want to follow the money. The
Court cited as examples the record $48.5 million fine in the Siemens FCPA deferred prosecution
agreement and the record fine paid by Pfizer and Pharmacia & Upjohn, of $1.195 billion (plus
additional civil fines and restitution).
The Southern Union Co. ruling will be particularly important in white collar cases
and in corporate crime cases, where the fine may be the ballgame. The Court noted that
fines "are frequently imposed today, especially upon organizational defendants who cannot be
imprisoned." The Court added that in fiscal 2011, "a fine was imposed on 9.0% of individual
defendants and on 70.6% of organizational defendants in the federal system." Some of the
biggest fines are in environmental cases -- also in antitrust, public corruption and bribery cases,
and in fraud cases -- also in cases involving foreign corporations. There are huge fines in individual white collar prosecutions
-- and this will mean more work must be done to prove their basis. Justice Breyer, joined by
Justices Kennedy and Alito, dissented for that reason. They noted that there had been a history
of corporate fines being uneven and too low -- which is why the modern federal sentencing
statutes have enhanced the provisions.
Very few companies are prosecuted and even fewer are convicted at criminal trials.
In 2011 it was only nine companies, or less than 6% of the total. Most of the rest plead
guilty or sign deferred prosecution agreements with prosecutors. The Court's ruling
today could require, however, prosecutors to show more in the way of a fine calculation when
negotiating with companies. To be sure, some prosecutors have already treated the Sixth
Amendment as applying. And companies can already get a fair amount of leniency when they
negotiate deferred and non-prosecution agreements. But the Court's ruling may narrow the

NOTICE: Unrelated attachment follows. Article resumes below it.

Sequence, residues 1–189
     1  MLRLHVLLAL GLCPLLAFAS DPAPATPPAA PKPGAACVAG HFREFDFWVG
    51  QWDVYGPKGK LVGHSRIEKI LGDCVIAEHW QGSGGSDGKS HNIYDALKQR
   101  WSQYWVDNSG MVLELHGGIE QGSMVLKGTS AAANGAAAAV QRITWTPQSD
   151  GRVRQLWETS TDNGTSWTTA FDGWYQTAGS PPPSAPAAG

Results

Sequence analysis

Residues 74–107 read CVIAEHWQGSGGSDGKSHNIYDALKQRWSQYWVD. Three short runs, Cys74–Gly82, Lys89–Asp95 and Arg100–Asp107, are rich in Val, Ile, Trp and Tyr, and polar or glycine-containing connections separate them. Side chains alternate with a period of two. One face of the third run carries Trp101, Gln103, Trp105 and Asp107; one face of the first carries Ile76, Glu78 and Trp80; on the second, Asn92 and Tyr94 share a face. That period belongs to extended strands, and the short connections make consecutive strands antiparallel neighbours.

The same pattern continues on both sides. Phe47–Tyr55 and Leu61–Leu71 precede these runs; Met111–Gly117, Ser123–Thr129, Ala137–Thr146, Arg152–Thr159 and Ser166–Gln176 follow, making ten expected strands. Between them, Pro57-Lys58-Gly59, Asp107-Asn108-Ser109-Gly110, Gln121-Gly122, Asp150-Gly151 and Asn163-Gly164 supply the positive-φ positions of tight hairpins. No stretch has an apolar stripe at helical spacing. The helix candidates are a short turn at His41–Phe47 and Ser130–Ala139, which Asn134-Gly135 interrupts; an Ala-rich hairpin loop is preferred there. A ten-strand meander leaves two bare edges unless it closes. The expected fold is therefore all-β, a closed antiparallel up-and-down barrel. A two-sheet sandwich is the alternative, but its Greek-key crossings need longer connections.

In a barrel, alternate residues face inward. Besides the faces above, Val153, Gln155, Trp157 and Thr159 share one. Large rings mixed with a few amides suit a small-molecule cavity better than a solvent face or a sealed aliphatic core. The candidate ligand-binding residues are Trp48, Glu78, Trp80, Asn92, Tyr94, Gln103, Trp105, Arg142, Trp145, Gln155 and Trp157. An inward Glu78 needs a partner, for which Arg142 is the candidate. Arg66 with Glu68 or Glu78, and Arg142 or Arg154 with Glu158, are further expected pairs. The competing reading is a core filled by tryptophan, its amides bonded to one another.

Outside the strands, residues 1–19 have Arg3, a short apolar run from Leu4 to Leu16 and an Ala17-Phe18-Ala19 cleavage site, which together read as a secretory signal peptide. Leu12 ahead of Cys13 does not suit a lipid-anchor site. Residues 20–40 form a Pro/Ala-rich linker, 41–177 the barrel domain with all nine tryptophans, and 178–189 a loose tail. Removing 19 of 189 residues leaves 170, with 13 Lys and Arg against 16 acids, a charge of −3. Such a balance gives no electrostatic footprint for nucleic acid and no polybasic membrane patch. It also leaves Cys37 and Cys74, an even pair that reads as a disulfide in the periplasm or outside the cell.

bargaining range, as Justice Breyer pointed out in his dissent.
How about other money paid out in corporate crime cases? Companies also pay
substantial restitution to victims, or community service, like this company did -- the judge had
ordered Southern Union Co. to pay $12 million in community service -- twice the criminal
fine. The issue was not raised in this case, but contrary to how federal judges now treat them,
could such civil payments also be covered by the Court's new rule, since they are not petty
amounts? Bernard Madoff was at his sentencing ordered to forfeit $170 billion dollars (only a
fraction of that will be recovered) -- which was not a criminal fine but a civil forfeiture -- could
something like that be covered by the new rule? This may be the first time, but maybe not the
last time the Court has to rule on the Sixth Amendment and the money that white collar and
corporate criminals are ordered to pay.
Brandon L. Garrett, the Roy L. and Rosamund Woodruff Morgan Professor of Law
at the University of Virginia School of Law, is under contract with Harvard University
Press to write a book about corporate prosecutions, and recently wrote Convicting the
Innocent: Where Criminal Prosecutions Go Wrong.